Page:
javascript speed test


if you had to guess, which of the following two bits of javascript code would you say executes faster?

Exhibit A:

var keys = Object.keys(MyObj); //cloning the key array
var length = keys.length;
for (var i = 0; i < length; i++) {
  var val = MyObj[keys[i]];

Exhibit B:

for (var key in MyObj) {
 if (MyObj.hasOwnProperty(key)) { //hasOwnProperty is a native function
  var val = MyObj[key];

Check your answer.

[More programming riddles]




this is what things looked like last year in september, with an up to date version of chrome:

Screen Shot 2013-09-17 at 7.04.32 PM

pet peeve #{random()}

downwards growing, web-readable, activity logs, coupled with infinite scrolling. really cloudera? wtf:


this one should probably be listed as a ux anti-pattern. by default:

  • display the newest log entries at the top of the page
  • insert newer log entries, as they appear, at the top
  • allow the user to select a specific entry, and stay focused on that entry, as newer ones are added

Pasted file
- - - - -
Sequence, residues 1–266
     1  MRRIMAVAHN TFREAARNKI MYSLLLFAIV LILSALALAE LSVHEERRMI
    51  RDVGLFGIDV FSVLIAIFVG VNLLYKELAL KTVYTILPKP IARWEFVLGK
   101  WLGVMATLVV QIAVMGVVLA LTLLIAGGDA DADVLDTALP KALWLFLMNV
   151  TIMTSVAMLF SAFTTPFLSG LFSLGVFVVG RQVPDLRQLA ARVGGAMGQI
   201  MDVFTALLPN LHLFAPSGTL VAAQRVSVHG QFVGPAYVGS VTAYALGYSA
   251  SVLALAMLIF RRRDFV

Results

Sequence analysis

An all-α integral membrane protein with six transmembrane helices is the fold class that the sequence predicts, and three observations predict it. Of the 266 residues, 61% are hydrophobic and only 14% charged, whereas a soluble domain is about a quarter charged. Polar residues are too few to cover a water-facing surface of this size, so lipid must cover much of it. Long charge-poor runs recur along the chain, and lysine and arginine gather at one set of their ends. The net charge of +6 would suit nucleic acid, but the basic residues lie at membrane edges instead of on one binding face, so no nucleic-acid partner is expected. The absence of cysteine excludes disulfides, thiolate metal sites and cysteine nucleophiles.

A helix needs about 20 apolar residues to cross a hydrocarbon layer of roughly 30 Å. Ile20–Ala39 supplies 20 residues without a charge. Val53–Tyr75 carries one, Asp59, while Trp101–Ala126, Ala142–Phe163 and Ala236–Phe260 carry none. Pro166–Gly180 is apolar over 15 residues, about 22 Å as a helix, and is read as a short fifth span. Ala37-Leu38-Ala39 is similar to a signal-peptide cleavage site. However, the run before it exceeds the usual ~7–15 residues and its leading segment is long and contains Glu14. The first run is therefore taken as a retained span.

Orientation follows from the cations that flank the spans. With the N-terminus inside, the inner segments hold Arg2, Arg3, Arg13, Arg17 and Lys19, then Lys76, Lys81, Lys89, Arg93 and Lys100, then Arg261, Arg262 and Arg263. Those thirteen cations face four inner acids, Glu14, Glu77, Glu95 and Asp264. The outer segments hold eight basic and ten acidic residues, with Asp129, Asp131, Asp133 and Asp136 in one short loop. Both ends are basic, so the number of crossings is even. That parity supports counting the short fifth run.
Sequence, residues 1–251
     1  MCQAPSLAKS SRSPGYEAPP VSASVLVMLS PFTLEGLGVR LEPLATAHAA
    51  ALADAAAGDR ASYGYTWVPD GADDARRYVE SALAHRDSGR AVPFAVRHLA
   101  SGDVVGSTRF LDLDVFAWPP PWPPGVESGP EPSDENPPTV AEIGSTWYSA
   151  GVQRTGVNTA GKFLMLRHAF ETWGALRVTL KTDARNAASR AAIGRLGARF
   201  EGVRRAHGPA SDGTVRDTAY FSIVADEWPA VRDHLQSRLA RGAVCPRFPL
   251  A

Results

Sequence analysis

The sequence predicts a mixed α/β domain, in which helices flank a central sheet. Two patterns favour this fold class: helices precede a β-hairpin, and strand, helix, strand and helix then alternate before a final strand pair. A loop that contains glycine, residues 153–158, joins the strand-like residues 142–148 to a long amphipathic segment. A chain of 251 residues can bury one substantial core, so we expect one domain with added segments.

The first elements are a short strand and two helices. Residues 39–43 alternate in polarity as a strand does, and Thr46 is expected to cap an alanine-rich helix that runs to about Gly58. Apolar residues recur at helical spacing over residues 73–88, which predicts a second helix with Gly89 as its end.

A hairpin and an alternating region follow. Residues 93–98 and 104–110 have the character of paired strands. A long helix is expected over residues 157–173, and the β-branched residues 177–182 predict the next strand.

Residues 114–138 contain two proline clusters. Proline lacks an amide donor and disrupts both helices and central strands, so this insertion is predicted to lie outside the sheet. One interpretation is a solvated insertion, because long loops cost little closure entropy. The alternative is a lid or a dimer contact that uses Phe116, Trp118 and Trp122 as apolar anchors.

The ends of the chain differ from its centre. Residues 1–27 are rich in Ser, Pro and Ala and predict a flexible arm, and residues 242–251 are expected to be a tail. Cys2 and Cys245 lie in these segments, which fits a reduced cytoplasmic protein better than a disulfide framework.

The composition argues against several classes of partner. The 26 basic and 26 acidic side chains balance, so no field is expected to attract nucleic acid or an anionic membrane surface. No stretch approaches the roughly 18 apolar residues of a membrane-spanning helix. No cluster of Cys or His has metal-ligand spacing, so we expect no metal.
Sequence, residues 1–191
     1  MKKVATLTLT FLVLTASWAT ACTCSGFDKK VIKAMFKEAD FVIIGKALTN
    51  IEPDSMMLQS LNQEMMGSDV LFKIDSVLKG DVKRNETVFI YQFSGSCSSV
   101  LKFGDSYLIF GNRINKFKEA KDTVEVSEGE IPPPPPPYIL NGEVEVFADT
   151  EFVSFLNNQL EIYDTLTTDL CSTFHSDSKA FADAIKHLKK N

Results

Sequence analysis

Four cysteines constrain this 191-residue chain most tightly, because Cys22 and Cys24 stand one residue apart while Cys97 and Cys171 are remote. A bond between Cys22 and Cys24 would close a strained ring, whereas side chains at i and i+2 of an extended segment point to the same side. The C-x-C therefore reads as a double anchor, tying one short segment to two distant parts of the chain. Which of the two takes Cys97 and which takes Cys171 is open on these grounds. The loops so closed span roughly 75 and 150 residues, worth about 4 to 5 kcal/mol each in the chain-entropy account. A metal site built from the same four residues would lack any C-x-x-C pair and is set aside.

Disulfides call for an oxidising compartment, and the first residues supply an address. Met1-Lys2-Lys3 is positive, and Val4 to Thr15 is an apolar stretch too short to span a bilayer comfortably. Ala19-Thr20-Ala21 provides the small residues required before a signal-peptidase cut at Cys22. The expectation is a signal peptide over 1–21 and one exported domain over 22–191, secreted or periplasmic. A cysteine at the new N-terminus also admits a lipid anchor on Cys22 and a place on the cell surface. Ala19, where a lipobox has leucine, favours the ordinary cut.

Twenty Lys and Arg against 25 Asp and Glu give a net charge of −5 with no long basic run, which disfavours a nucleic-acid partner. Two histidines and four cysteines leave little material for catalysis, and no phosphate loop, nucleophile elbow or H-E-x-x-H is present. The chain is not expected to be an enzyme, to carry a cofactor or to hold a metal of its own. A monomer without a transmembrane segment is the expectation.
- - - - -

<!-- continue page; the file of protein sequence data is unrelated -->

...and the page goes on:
• propagate these concepts through to the small details

forcing users to scroll to the bottom of an infinite-downwards-scrolling page to see the most recent log entries makes the most common uses for an activity log, the most difficult ones to use

selected recommendations for programmers

this is a (non-comprehensive, non-final, occasionally updated) list of videos, books and essays which influence my programming life. i’ve selected specifically for samples which have stood the test of time – they’re worth going back for.

(if you have suggestions for additions, please comment below)

Beating the averages – Paul Graham

object oriented programming
Self and the power of simplicity – David Ungar, Randal B. Smith, (1991)
Self: The Movie;

software engineering
The Mythical Man-Month — Frederick P. Brooks Jr.
The Cathedral and the Bazaar — Eric Steven Raymond
Clean Code: A Handbook of Agile Software Craftsmanship — Robert C. Martin (pdf)

computer graphics/ui/ux
sketchpad demo – Ivan Sutherland (1963!)

The Design of Everyday Things — Donald A. Norman
Don’t Make Me Think! A Common Sense Approach to Web Usability — Steve Krug

the mother of all demos – Douglas Engelbart (1968!)
computer revolution video – Allan Kay (1997) transcript
Personal Computing: Historic Beginnings – Alan Kay (2008)
Surely You’re Joking, Mr. Feynman! (Adventures of a Curious Character)

Learn Python the Hard Way – Zed Shaw

JavaScript: The Good Parts – Douglas Crockford

The Pragmatic Programmer’s Guide — Dave Thomas, Chad Fowler, Andy Hunt (was Yukihiro Matsumoto, a.k.a. “Matz”, not involved?) (printed on trees version)

C Programming Language (2nd Edition) — K&R (Brian W. Kernighan, Dennis M. Ritchie)

roots of lisp – Paul Graham

The Database as a Value – Rich Hickey